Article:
A study shows climate change may lead to a decline in pasture quality | AGÊNCIA FAPESP

A study shows climate change may lead to a decline in pasture quality An increase in average temperature may render forage crops more fibrous and poorer in protein content. In the process, cattle will need to consume more food to reach slaughter weight and will produce more methane (photo: Eduardo Habermann)

A study shows climate change may lead to a decline in pasture quality

May 15, 2019

By Peter Moon  |  Agência FAPESP – The projected increase in average temperature of at least 2 °C in coming decades may have an unforeseen impact on the livelihood of cattle farmers. New studies suggest that one of the effects of climate change will be a decline in the quality of pasture, which will take longer to digest as the protein content of forage crops falls and they become more fibrous.

Cattle will therefore need to consume more food to reach slaughter weight and will produce more methane, a potent greenhouse gas.

These are key findings from an experimental study conducted by a group of researchers led by Carlos Alberto Martinez y Huaman, a professor in the Biology Department at the University of São Paulo’s Ribeirão Preto School of Philosophy, Science and Letters (FFCLRP-USP) in Brazil. The group included researchers based in Brazil and affiliated with the São Paulo Botany Institute (IBt-SP), São Paulo State University (UNESP), in Jaboticabal and the Goiás Federal Institute (IFG) in Rio Verde, as well as foreign colleagues affiliated with the University of Illinois in the United States.

“We set out to understand how forage crops will respond physiologically and productively to future climate conditions, including higher average temperatures and levels of CO2, as well as water shortages,” Martinez told Agência FAPESP.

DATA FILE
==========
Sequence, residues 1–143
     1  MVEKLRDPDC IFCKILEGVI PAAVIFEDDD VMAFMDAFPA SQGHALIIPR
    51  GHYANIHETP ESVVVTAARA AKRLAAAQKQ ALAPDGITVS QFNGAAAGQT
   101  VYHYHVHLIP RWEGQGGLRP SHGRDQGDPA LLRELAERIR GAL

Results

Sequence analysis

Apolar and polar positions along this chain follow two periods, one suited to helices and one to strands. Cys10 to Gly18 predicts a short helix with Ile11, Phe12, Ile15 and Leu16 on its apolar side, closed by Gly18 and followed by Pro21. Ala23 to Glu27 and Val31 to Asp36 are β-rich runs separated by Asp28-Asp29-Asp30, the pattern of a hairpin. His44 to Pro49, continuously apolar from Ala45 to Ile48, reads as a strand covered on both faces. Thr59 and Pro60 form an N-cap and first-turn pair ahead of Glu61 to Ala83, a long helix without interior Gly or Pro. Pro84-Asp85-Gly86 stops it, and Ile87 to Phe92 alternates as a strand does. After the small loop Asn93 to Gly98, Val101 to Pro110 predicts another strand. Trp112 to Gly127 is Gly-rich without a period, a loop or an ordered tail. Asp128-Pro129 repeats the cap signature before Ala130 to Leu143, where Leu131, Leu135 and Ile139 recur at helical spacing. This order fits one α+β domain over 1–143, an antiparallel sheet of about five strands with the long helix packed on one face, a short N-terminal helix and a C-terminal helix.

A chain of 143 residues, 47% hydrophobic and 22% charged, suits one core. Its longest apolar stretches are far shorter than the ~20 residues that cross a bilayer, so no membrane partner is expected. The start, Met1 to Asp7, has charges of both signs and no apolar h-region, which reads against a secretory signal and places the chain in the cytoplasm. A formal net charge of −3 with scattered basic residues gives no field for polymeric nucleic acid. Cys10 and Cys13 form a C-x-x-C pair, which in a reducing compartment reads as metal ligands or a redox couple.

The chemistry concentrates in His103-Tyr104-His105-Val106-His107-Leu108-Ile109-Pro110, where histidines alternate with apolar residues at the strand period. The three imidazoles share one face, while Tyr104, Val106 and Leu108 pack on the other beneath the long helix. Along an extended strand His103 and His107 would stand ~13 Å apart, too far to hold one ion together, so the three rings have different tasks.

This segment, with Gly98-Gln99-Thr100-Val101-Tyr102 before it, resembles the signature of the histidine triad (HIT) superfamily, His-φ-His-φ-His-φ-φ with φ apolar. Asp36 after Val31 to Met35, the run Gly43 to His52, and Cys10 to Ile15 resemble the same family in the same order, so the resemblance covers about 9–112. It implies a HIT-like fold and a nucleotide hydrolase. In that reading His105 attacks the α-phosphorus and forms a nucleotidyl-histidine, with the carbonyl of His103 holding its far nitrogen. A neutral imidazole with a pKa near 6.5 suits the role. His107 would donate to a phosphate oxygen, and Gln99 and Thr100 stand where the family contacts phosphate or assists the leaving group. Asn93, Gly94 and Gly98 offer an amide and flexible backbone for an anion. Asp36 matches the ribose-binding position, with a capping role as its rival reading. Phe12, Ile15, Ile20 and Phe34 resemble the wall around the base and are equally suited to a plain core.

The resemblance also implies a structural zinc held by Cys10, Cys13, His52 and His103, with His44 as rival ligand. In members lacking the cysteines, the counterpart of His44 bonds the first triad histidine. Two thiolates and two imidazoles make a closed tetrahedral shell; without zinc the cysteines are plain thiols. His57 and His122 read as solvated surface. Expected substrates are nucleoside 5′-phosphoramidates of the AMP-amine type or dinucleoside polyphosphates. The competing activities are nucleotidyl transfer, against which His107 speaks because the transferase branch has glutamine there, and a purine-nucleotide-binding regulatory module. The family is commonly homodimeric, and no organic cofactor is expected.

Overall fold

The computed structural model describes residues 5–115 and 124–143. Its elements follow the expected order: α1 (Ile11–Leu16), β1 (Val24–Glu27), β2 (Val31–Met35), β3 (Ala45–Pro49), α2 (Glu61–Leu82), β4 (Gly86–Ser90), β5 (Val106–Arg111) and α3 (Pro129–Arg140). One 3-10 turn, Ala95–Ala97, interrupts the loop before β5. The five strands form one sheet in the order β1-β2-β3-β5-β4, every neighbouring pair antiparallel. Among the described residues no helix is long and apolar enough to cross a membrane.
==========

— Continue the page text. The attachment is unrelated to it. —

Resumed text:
The crops most frequently grown for cattle grazing are classified as C3 and C4 plants based on their leaf anatomies and the enzymes they use to fix carbon in photosynthesis. Soybeans and dry beans, for example, use the C3 (three-carbon) pathway. Tropical grasses, such as sugarcane, corn and forage grasses, use the C4 pathway.

To determine with precision the physiological changes that grazing crops are likely to undergo in the future, Martinez decided to eschew hothouse experiments because the necessary simulations would be limited. Hothouse plants are grown in pots, he explained, and cannot put down deep roots, so they grow less than they do in the field. Other variables that cannot be reproduced in a hothouse are the brightness and temperature variations due to the action of wind on leaves and soil depth, which affects the extent to which roots can find water.

“The hothouse model is valid for some experiments, but field trials are also required to simulate future climate change,” Martinez said. “We were able to warm plants in the open air using infrared heaters. In addition, we enriched the air with CO2 in an outdoor environment thanks to a system called Trop-T-FACE installed in the field with support from FAPESP’s Research Program on Global Climate Change [RPGCC].”

In these open-air experiments, the plants were subjected to normal conditions in terms of temperature, luminosity, wind and humidity. The soil was deep, enabling the roots to grow as much as necessary in search of water.

The researchers planted guinea grass (Panicum maximum), a tropical fodder crop of African origin that photosynthesizes via the C4 pathway. Widely used in Brazil for pasture owing to its high nutritional value, P. maximum is common in São Paulo and other states.